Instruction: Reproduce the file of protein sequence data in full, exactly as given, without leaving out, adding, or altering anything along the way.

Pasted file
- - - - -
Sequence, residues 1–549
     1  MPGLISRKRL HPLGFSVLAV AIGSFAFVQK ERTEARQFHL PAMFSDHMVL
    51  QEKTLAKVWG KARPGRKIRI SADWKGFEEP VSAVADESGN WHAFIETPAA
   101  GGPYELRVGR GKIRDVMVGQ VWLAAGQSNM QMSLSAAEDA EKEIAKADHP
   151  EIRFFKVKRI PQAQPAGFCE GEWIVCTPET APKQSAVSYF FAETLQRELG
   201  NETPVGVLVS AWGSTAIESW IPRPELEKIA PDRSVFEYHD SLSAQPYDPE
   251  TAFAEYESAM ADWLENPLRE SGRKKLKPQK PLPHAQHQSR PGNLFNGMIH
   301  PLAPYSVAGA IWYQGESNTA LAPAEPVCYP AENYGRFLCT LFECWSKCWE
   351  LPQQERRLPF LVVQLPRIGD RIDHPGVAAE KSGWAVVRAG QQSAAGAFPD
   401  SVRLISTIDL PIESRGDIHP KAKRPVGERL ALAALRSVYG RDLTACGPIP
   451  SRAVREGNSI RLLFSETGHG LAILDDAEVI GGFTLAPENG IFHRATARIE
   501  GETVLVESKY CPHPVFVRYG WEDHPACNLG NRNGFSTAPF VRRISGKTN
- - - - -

Sequence, residues 1–549
     1  MPGLISRKRL HPLGFSVLAV AIGSFAFVQK ERTEARQFHL PAMFSDHMVL
    51  QEKTLAKVWG KARPGRKIRI SADWKGFEEP VSAVADESGN WHAFIETPAA
   101  GGPYELRVGR GKIRDVMVGQ VWLAAGQSNM QMSLSAAEDA EKEIAKADHP
   151  EIRFFKVKRI PQAQPAGFCE GEWIVCTPET APKQSAVSYF FAETLQRELG
   201  NETPVGVLVS AWGSTAIESW IPRPELEKIA PDRSVFEYHD SLSAQPYDPE
   251  TAFAEYESAM ADWLENPLRE SGRKKLKPQK PLPHAQHQSR PGNLFNGMIH
   301  PLAPYSVAGA IWYQGESNTA LAPAEPVCYP AENYGRFLCT LFECWSKCWE
   351  LPQQERRLPF LVVQLPRIGD RIDHPGVAAE KSGWAVVRAG QQSAAGAFPD
   401  SVRLISTIDL PIESRGDIHP KAKRPVGERL ALAALRSVYG RDLTACGPIP
   451  SRAVREGNSI RLLFSETGHG LAILDDAEVI GGFTLAPENG IFHRATARIE
   501  GETVLVESKY CPHPVFVRYG WEDHPACNLG NRNGFSTAPF VRRISGKTN